“It’s a little bit different to the way the mining industry currently does technology adoption. Usually, we’ll do analysis and a trade-off on a spreadsheet, but modelling on a spreadsheet will only take you so far. With today’s technologies for modeling and simulation, a more integrated approach can be taken with multiple scenarios run in much shorter times.
“This new methodology we’re working on with Deloitte is designed to utilize the software and computing power that’s available today. It will cost significantly less money than a full-blown trial and will help to narrow down three or four technologies that we want to investigate per base case mine.
“After that, we can move to phase three, which is dynamic simulation and make a recommendation. And then phase four is about piloting. Phase five would be looking at doing a full-on demonstration.”
As Kelly mentioned, the project is currently in phase two and, as part of that, the team has identified three mines from consortium member portfolios to model: a large, shallow, high-volume mine; a deep high-volume mine; and one that falls somewhere in the middle.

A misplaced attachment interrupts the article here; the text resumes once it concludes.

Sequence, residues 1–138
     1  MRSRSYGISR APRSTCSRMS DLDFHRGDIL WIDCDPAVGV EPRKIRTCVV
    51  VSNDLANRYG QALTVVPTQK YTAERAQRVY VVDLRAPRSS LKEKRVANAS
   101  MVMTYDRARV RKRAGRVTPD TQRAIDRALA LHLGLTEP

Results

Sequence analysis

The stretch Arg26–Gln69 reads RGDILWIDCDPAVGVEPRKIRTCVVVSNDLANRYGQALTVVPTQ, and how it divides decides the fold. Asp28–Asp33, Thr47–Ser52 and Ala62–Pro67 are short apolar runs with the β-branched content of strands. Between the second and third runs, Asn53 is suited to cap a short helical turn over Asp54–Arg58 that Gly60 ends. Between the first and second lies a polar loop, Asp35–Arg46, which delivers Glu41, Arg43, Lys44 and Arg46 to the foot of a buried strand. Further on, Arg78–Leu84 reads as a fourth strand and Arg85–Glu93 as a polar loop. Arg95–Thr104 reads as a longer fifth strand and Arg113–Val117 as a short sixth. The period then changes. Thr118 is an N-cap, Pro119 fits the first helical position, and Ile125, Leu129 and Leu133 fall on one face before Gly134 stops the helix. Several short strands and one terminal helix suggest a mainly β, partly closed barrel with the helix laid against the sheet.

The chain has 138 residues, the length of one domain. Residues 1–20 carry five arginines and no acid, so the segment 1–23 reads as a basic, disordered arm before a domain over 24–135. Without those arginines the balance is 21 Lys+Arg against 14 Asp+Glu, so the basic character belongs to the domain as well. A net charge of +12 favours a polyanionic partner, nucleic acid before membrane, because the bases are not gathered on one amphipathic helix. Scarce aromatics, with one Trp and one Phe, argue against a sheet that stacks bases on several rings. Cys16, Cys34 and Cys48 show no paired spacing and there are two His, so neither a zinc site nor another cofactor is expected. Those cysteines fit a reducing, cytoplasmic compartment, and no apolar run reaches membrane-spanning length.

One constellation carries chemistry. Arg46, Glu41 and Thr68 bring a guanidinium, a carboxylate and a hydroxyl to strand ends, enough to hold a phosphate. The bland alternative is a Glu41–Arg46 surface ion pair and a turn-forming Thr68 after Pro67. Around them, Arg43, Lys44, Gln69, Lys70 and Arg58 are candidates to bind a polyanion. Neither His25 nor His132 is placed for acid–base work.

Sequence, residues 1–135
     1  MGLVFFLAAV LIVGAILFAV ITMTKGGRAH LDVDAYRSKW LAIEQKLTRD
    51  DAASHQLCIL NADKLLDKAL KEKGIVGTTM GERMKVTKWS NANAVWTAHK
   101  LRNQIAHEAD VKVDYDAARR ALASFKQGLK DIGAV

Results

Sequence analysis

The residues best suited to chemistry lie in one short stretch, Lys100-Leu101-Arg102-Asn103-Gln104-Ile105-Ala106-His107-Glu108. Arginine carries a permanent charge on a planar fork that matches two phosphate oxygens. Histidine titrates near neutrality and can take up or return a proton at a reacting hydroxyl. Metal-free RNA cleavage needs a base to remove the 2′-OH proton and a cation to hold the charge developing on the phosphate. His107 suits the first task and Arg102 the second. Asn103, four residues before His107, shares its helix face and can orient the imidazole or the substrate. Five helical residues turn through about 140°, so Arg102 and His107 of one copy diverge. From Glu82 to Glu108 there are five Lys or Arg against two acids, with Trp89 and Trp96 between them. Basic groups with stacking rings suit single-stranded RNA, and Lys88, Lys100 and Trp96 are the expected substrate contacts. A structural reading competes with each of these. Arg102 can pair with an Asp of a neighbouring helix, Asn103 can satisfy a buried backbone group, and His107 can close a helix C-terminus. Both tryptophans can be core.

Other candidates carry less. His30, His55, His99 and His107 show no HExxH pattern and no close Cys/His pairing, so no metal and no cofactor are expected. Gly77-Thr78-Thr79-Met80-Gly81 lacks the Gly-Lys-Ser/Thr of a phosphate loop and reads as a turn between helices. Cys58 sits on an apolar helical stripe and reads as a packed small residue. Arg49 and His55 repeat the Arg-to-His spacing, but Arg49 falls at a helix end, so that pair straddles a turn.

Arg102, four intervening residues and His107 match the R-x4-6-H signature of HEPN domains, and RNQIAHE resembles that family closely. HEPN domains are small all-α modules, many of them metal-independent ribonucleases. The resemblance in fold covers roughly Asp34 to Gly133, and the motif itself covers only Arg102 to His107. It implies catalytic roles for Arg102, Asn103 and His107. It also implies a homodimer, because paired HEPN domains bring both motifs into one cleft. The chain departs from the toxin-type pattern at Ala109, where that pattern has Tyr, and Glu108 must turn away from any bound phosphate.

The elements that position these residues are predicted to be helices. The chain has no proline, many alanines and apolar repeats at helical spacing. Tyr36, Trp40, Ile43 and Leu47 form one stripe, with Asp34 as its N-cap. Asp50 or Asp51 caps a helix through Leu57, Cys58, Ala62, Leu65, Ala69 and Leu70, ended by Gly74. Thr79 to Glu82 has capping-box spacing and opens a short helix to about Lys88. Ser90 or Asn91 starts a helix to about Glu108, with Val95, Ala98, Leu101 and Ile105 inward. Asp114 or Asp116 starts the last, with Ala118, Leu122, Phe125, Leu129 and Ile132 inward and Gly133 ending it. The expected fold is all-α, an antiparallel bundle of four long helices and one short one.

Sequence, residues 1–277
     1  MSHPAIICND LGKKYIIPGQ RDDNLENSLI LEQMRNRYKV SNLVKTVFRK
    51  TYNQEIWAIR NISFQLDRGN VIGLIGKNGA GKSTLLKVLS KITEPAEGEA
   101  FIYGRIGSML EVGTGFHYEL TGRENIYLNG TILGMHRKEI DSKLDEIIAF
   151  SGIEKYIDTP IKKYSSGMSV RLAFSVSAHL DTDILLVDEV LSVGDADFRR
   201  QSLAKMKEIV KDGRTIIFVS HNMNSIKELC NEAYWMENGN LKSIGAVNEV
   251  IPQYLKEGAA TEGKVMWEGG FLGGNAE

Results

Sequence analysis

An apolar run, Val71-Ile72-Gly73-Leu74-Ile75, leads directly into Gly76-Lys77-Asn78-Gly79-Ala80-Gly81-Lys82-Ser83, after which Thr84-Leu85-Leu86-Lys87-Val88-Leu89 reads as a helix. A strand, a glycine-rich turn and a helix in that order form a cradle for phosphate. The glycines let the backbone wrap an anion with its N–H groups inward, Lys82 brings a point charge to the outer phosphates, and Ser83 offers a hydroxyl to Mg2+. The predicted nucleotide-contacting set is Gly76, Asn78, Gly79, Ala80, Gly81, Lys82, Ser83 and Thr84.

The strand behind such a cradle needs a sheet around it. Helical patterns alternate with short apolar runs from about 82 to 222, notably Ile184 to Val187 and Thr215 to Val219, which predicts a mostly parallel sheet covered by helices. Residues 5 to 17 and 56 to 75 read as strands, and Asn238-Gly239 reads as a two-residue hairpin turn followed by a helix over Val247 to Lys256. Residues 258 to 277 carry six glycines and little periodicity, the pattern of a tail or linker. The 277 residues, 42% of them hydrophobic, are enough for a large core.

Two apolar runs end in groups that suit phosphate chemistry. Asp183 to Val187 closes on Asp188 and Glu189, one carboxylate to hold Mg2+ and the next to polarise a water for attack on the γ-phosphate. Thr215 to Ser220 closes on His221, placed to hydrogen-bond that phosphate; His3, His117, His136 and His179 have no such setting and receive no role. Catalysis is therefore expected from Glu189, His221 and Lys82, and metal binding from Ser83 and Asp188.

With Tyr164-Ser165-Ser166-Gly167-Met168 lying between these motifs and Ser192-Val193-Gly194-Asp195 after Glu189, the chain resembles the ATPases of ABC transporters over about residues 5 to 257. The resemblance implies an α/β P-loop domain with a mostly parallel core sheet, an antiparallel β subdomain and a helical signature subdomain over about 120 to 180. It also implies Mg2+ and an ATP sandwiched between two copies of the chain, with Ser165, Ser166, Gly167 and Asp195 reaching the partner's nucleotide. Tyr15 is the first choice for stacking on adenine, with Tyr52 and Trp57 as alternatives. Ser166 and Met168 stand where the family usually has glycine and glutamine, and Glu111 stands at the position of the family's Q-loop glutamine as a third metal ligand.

“This modelling is a change from the usual processes, and there is a great deal of work under way to make sure there is a clear picture of the mining companies’ requirements for information and data, site-based mining expertise and the benefits from undertaking the next phase of the project,” he said. “There are both technical and cultural elements that must be addressed for the next phases of the project to be successful.
“What we’re looking for are not necessarily incremental changes or improvements to trucks. We’re looking for large opportunities to make it interesting enough for people to commit to a new way of evaluating technology and, ultimately, transforming haulage.
“Eventually, we’d like to build models of various different technologies, like Lego blocks, in collaboration with the OEMs and mine planning people. The assumptions will be validated and scrutinized, so that each of the mining companies can then take that process that we’ve built and use those Lego blocks and the modelling approach that we’ve worked through to optimize their mines, both from a greenfield and brownfield perspective.”
Moving in the Right Direction
So far, progress is slow but positive.
“There’s a lot of discussion and we’re walking a bit of a journey with the mining companies,” Kelly said. “The process is a little confrontational in that it challenges how we’ve done things for a long time. It’s not so much the technology piece, it’s the cultural piece that’s the sticking point. So, we’re really putting emphasis on the methodology, and using the technology of the day to show senior management and other people in the industry that this is likely to work.”